Nyajepe, a South Sudanese refugee, is happy to see the improvement in her child after they received support from Action Against Hunger.

South Sudan

With millions fleeing from conflict, many people in the world’s newest country are at risk of malnutrition.

Life in South Sudan is tough. Nearly four million people have been displaced due to conflict, and half the population faces food shortages.

There is only one doctor for every 65,000 people, and the people they treat are among the most vulnerable in the world.

There is a rising number of cases of coronavirus in the country, but with only a handful of ventilators for 11 million people – fear is mounting. With a crumbling health system, the country’s best hope is prevention.

In July 2011, South Sudan achieved independence from the Republic of Sudan to become the world’s newest country. It has vast oil reserves, and makes up one of the richest agricultural areas in Africa despite struggling with war and extreme poverty for more than two decades.

Although the world celebrated its independence with great hope, South Sudan remains underdeveloped. It has very little basic infrastructure for education, health systems, safe water, functioning markets, or paved roads. About 80 percent of the population live in rural areas and many rely on livestock and subsistence farming to survive.

Country facts

  • 11m

    South Sudan has a population of 11 million people.

  • 31.3%

    Almost a third of South Sudanese children under five suffer from malnutrition.

  • 186

    South Sudan ranks 186th out of 189 countries in the Human Development Index.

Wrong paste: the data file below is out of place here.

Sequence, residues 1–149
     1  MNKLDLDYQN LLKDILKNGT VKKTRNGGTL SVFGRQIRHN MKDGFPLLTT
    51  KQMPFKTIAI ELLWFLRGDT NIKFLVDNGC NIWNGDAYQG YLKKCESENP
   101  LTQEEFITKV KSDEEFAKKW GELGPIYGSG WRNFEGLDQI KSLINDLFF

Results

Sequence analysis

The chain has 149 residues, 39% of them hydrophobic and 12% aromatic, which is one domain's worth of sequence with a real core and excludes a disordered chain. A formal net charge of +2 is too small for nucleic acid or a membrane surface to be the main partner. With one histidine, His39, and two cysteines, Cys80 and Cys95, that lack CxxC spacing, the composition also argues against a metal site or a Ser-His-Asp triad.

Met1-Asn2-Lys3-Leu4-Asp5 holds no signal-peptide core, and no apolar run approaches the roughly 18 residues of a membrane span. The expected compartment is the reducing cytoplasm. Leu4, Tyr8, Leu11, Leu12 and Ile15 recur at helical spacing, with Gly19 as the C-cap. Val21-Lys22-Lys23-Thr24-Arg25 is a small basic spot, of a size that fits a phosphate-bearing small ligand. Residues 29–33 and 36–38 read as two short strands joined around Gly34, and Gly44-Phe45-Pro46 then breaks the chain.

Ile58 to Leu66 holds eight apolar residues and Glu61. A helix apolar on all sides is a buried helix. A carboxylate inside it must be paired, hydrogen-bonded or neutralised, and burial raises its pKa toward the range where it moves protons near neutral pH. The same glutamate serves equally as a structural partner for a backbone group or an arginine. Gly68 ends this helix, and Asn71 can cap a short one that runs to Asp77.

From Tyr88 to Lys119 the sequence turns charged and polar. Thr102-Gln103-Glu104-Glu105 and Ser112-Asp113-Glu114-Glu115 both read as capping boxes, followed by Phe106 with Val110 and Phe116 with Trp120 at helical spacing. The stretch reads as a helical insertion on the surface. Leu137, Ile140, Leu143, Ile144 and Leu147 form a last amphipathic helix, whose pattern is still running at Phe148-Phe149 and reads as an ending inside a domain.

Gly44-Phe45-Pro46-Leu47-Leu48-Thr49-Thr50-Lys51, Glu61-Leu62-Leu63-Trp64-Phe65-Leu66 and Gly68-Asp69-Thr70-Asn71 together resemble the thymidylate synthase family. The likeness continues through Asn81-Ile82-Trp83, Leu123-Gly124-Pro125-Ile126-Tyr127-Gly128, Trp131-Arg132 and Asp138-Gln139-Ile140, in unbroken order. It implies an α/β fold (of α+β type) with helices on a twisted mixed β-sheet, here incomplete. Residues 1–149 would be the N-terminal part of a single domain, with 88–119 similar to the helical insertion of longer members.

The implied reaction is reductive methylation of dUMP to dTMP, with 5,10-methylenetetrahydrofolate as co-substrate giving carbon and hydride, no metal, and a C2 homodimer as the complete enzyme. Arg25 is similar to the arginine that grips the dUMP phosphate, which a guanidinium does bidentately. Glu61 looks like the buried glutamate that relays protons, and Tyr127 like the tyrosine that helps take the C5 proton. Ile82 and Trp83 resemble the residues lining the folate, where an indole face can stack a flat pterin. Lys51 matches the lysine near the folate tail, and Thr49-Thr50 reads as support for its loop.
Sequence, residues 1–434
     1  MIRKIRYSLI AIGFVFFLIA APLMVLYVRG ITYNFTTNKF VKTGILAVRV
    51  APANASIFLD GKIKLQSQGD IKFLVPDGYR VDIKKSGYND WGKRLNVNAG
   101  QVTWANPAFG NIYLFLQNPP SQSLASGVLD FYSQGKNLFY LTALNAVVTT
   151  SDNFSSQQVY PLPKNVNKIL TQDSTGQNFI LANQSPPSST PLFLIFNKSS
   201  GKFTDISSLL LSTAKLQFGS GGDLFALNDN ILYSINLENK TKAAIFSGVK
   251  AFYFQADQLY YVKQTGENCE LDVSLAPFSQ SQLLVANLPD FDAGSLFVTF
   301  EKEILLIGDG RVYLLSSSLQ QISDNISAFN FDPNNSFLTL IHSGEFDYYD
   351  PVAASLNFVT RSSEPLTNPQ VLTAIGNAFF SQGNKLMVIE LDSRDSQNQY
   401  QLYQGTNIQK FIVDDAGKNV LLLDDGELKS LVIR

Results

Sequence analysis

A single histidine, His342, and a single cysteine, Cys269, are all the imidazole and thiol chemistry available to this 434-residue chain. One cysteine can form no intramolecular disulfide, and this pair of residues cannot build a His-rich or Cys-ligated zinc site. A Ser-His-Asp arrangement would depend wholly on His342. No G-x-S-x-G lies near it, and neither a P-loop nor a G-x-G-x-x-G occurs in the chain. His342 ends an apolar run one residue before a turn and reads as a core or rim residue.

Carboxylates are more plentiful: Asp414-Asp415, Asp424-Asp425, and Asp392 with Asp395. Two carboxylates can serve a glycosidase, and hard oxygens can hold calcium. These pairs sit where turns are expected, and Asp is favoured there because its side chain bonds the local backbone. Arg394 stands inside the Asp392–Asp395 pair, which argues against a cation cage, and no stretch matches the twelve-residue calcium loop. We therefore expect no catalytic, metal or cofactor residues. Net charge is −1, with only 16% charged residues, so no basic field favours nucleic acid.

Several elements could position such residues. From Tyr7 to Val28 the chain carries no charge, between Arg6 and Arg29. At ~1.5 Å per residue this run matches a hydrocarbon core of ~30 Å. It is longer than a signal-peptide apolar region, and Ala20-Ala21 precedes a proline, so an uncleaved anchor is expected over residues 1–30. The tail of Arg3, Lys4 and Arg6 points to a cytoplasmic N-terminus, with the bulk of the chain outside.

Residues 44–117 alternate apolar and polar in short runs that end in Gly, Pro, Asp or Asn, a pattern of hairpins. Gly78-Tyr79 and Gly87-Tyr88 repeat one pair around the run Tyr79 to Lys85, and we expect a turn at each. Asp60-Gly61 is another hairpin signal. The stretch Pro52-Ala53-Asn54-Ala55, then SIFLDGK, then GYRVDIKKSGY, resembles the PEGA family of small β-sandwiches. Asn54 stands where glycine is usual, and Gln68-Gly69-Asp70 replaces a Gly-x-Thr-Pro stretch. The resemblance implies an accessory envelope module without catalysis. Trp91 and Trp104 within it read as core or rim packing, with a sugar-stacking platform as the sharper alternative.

Doctors are like soldiersDr David Gai Zakayo treats a patient at Action Against Hunger health centre in South Sudan.

Doctors are like soldiers

Dr David Gai Zakayo is an Action Against Hunger roving medical doctor in South Sudan. Every day, he and his team see more than 150 children and pregnant women to help prevent deaths from malnutrition and other diseases, including coronavirus.

Read his story

Action Against Hunger’s work in South Sudan

Our staff deliver community-based programmes for the treatment and prevention of malnutrition. We also run water, sanitation and hygiene projects as well as food security and livelihoods programmes to help address the underlying causes of malnutrition.

The team in South Sudan’s main goals are to deliver sustainable reductions in the levels of undernutrition throughout the country and to respond to emergencies through the deployment of crises teams.

The programme office also joined three other countries to launch a new research project to assess the risk of children relapsing after recovering from severe acute malnutrition, the deadliest form of hunger.

In Aweil East State, we have built dykes to help prevent flooding and have constructed 45 miles of road to help communities access schools, health centres and markets. To help increase food production, we’ve provided agricultural and agronomic training to households at risk of hunger. To improve access to clean water, we’ve restored 68 waterpoints and constructed four new ones in the region. We’ve also built 22 latrines at nutrition centres and safe toilets in 4,079 homes.

Our reach

  • 510,000

    We reached more than 500,000 people through our programmes in South Sudan in 2019.

  • 303

    We have 303 staff based in Aweil East, Gogrial West and East and Fangak Counties.

  • 1985

    We've been working in South Sudan since 1985.

Save lives todayNyalat, a South Sudanese refugee, with her baby after receiving mental health support from Action Against Hunger.

Save lives today

Help more communities in South Sudan beat hunger.

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Two women at an Action Against Hunger project in Kenya.

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